Real-time marketing’s been said at least multiple times by every marketer in America. What took off with one tweet during the 2013 Super Bowl has turned into a brand pile-on when royal births are announced, the Grammy’s happen or even a random food holiday has its time on the calendar. It was once a way to stand out from the crowd. Now, it’s just a way to be part of it. Everyone’s doing it, and there are no shortage of bad examples from brands. The Prince tributes may take the cake, however.
Real-time marketing had its moment in the sun. Now, it’s growing up. (Many) Marketers are getting smarter with their choices in when and how they react.
Super Bowl 50 came and went, and countless brands took aim to stand out during the big event with content shared across social networks. The magic of the ‘Dunk in the Dark’ tweet is one that will always be remembered fondly as one of social media marketing’s great moments, whether consumers were paying attention or not.
The time of war rooming during social events, however, should no longer be commonplace. That’s not how you succeed with social media in the modern age. Channels have changed. Consumer expectations have evolved. And the noise created by brands is louder than ever.
In an era of tech proliferation, we have a lot, but one thing becoming increasingly scarce is attention to spare. For marketers, reach is one thing, but getting people to pay attention when they tell their stories is an entirely different ball game where relevance is everything.
Relevance is a loaded term. It conjures up eye rolls and is easy to dismiss, but when it comes down to it, it’s about what advertising has always been about, making a message relevant to a consumer’s life and current mindset. The challenge now is lifestyles are more diverse and mindsets shift on a minute-by-minute basis. But understanding what is on a large segment of the population’s mind is easier than ever if we pay attention.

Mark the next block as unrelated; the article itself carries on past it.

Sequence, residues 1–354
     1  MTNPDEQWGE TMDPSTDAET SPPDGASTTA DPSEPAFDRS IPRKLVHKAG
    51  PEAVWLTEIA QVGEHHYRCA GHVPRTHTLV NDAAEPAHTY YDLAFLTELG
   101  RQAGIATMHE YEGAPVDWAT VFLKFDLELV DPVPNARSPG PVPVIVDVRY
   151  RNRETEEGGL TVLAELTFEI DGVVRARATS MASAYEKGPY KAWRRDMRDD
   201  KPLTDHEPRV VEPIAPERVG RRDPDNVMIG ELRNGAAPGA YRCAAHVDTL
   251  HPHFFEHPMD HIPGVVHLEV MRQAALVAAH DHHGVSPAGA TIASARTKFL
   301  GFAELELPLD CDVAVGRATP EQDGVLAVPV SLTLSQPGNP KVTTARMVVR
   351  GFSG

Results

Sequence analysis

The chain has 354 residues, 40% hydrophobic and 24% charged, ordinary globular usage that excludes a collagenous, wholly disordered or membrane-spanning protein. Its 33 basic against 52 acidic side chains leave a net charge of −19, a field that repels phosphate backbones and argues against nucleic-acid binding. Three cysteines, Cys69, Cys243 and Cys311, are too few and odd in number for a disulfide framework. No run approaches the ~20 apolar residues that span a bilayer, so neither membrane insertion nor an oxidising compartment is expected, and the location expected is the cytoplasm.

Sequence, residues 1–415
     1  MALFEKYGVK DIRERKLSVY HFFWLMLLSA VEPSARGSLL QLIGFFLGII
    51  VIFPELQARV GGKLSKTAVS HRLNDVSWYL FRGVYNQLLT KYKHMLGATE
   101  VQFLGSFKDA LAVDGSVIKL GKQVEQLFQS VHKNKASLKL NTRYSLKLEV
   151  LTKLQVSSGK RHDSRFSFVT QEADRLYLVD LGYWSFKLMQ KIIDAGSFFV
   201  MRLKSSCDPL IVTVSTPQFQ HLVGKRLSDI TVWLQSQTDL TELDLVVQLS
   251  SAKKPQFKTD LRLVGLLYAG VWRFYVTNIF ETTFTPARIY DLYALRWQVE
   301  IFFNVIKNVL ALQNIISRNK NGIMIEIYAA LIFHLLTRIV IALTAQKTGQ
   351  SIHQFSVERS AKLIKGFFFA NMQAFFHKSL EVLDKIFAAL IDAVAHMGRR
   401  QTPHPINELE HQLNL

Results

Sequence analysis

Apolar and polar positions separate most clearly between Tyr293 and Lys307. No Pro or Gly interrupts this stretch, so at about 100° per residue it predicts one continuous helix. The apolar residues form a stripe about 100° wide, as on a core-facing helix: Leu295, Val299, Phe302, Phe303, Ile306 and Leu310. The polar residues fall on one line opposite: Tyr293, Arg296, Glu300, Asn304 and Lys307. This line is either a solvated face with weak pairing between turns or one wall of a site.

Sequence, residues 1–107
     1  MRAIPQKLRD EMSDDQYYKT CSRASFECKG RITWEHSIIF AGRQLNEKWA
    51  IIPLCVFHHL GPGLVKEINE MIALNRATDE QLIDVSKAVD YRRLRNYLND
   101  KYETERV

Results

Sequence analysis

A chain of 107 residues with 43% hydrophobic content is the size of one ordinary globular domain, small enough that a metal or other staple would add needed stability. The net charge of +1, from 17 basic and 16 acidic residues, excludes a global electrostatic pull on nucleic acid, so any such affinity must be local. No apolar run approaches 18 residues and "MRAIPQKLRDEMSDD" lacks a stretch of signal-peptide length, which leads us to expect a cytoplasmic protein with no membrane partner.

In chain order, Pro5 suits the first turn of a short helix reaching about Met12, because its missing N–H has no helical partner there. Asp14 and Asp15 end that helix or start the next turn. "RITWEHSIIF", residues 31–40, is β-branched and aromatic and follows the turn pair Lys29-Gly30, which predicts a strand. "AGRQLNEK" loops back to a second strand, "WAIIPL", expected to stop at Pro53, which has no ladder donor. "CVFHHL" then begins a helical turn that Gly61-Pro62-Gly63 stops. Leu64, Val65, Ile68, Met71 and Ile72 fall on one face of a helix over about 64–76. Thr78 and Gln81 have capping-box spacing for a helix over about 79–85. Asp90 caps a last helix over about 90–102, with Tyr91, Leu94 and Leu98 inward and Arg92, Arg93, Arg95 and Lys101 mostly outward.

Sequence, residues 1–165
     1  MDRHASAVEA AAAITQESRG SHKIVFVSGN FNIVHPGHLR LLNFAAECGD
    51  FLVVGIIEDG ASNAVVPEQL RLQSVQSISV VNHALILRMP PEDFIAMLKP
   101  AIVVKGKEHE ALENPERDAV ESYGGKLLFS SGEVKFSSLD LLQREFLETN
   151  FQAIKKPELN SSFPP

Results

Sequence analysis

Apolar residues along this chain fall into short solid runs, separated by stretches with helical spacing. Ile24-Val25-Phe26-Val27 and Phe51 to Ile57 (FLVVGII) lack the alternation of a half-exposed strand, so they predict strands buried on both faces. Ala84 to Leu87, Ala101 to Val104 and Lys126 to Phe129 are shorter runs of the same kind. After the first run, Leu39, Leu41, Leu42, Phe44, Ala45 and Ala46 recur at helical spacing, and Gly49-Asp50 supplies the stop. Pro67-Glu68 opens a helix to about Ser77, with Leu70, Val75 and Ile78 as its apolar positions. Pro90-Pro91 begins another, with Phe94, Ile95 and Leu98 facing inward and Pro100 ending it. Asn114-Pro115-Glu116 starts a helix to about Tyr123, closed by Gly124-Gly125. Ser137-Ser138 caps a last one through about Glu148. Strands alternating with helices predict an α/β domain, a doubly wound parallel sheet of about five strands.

Real-time video is the hot topic on the social media marketing hype train. Publications are writing about it, pundits are pontificating about it and everyone’s asking the question: Periscope or Meerkat?
It’s easy to get platform tunnel vision when new technology makes its way onto the scene, and marketers find themselves asking what platform they need to be on. The answer shouldn’t be what platform. The answer lies in whether or not the technology makes sense for the brand in the first place.
It comes as no surprise that real-time marketing isn't a trend. It's becoming the foundation for social content creation. Facebook has upgraded its algorithm to surface fresh, news-related content Twitter has always been about sharing in-the-moment, real-time information. Instagram has become a hotbed for the pro-democracy protests in Hong Kong. And at the end of the day, it's what people care about.
The magic in real-time marketing is relevance. When brands are able to understand why people are talking about a particular topic and how they can make their brand connect to that topic, that brand suddenly becomes a relevant, value-add to the conversation.
Real-time marketing has been on the tongue of every marketer since the 2013 Super Bowl when Oreo tweeted the right message at the right time and garnered a lot of attention. Digiday chronicles the failed attempts by marketers to make their brands part of the conversation. Real-time marketing as it's currently being executed faces a bleak future of being dominated by the worst kinds of social media marketing.